So, people seem increasingly interested in the origins of their food, and there are a lot of reasons given for the benefits of buying locally. So do these arguments apply to fuel? I’ve been thinking about this a bit, given that it is #growninbritain week, and it turns out that most of these arguments seem (to me at least) to be just as valid.
Use of local suppliers undoubtedly reduces the carbon emissions of transporting products, but also supports management of local green spaces. Whether you think that management of farmland is better for the environment than the alternative (leaving fields fallow) is open to debate, but there is certainly good evidence to show that in the UK at least, active woodland management tends to lead to greater biodiversity of sites than “non intervention” strategies.
While local food may not necessarily be produced using different methods than the stuff you get from the supermarket, it may be of higher quality as the distance travelled, and time in storage reduces the amount of degradation before sale. Most woodfuels won’t degrade significantly in transit but a few (pellets and briquettes) are vulnerable to mechanical damage – they essentially return to dust. It’s also worth noting that quality of most products seem likely to improve when the social interactions between customer and supplier are strengthened (suppliers are much less likely to sell poor quality products to their friends) and that these stronger social interactions are particularly associated with small scale supply chains.
Development of local small-scale supply chains is often cited as a local, social benefit. Building relationships between groups of suppliers in a relatively small geographic area does appear much more likely than between suppliers to large contracts and consortia. Individual customers typically report having developed better relationships with suppliers when dealing with the same people on a regular basis. This can lead to improvements in general community cohesion, product quality (as above) and may actively increase the accountability of land managers to their neighbours in terms of working practices, management planning etc.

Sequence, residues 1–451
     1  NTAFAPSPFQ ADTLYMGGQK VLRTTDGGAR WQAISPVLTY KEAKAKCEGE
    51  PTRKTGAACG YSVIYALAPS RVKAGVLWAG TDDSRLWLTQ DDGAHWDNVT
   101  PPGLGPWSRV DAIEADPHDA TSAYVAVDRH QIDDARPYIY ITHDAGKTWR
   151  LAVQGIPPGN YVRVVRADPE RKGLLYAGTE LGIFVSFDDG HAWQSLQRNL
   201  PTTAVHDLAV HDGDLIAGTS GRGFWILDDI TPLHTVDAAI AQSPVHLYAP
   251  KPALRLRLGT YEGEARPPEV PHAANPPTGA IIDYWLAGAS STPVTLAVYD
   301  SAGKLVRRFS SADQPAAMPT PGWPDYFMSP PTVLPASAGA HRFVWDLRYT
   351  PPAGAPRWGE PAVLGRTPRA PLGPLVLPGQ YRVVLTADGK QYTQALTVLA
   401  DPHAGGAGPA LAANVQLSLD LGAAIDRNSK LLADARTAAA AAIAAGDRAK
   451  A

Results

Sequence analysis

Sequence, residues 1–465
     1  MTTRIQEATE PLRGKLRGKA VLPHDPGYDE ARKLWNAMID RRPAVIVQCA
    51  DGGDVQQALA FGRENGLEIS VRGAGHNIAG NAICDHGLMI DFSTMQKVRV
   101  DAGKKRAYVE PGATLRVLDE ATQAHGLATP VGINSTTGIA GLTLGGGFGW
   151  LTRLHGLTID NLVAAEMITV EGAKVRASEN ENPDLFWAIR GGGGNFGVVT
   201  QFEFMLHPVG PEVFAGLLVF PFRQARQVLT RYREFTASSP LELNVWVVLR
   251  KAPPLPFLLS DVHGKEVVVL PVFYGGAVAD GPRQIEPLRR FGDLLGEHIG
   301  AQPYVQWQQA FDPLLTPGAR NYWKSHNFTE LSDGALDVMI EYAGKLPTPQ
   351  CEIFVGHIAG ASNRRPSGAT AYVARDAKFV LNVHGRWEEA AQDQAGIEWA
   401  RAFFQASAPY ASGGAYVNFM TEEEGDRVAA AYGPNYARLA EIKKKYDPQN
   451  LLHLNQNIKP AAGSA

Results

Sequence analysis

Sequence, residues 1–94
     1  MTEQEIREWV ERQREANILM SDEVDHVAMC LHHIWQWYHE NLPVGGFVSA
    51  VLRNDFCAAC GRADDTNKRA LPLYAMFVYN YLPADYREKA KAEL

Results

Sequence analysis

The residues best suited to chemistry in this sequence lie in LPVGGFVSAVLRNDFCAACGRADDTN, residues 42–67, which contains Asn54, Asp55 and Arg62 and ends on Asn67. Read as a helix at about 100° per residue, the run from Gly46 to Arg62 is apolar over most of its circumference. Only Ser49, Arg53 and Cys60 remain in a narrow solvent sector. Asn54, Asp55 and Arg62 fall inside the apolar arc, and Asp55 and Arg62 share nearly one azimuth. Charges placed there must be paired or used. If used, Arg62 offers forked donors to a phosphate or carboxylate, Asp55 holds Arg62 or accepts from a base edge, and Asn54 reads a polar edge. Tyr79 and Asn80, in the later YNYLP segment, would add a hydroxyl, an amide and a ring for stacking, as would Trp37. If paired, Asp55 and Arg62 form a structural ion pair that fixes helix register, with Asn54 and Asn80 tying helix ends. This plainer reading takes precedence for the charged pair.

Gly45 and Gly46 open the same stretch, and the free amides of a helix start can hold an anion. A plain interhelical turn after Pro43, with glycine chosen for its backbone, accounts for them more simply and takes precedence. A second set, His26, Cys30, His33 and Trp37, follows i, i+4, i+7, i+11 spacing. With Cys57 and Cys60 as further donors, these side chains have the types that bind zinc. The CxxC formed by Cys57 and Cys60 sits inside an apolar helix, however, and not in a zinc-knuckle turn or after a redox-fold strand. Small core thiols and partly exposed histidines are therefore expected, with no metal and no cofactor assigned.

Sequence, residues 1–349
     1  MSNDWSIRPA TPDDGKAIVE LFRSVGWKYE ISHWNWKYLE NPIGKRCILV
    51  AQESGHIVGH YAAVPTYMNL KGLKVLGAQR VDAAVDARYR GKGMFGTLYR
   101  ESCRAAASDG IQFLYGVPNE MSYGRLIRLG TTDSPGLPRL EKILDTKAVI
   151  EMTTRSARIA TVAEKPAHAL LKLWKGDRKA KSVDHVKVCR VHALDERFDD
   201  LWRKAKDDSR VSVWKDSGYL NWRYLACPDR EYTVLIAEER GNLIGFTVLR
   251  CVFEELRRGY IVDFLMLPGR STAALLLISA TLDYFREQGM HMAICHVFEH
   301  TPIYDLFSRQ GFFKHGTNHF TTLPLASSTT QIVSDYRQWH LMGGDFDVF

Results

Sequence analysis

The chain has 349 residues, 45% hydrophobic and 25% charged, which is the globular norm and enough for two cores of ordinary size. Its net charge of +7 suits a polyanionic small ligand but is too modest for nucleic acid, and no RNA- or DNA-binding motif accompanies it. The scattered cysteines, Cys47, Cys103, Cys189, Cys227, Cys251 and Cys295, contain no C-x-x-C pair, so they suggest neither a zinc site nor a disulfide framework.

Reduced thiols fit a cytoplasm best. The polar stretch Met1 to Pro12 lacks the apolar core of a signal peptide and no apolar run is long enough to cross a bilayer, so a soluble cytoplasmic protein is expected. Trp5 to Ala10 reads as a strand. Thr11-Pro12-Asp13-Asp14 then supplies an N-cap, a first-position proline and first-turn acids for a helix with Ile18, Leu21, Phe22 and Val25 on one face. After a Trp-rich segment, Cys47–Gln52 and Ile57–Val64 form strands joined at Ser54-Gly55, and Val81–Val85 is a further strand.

At first glance, the economic argument seems relatively straightforward: Fewer profit making elements in the supply chain should result in lower overheads and therefore a lower price to customers. However, this argument does mask some complexities. Benefits of scale resulted in the global supply chains in the first place, and local food is typically priced as a premium (rather than a bulk) product. in the case of fuel this may not always be the case (cheap logs are everywhere if you don’t care about the quality) however, woodfuel is typically a high-bulk / low-value product which is simply not economic to transport long distances in small quantities. The exceptions to this rule are 1) if the material is so cheap the supplier can transport it and still maintain a decent margin at the point of sale (e.g. firewood imported from the Baltic states) and 2) if the volumes being transported are so vast that the economies of scale outweigh the low margin of the product (e.g. wood pellets from the USA). The other economic argument is that local supply chains result in support for local businesses rather than large national or multinational concerns, and it does seem likely that this is the case.
The development of local supply chains for fuel will certainly reduce the carbon emission of transport of equivalent materials, and if this is woodfuel rather than fossil fuels we gain a benefit of reducing net CO2 emissions as well. Producing more timber from undermanaged UK woodlands would be a pretty good thing for the environment and while British woodlands might not be at immediate risk of deforestation, increasing the market for homegrown timber would certainly be one good way of increasing new woodland planting, and woodland area. Relying on local supply chains to supply fuel may not guarantee good quality, but there are good social reasons why it may help, and in any case – you can always find a local woodsure supplier to take care of that problem. The economic picture is muddy (to be honest) but if you are determined to get the cheapest price whatever the cost (in quality, or environmental terms) then you will almost always be able to find a tree surgeon or farmer who can supply rough-sawn, un-split, green timber for a very good price. If you do choose to buy fuel locally you are likely to be supporting local land management and your local economy which seems like a good thing from my point of view.
So, the question remains: Why are we so keen on local food, and so lukewarm on local fuel?
Will Rolls is an independent consultant with expertise in forestry, biomass and sustainability, with a strong personal interest in developing sustainable systems and practices. This article originally appeared on LinkedIn here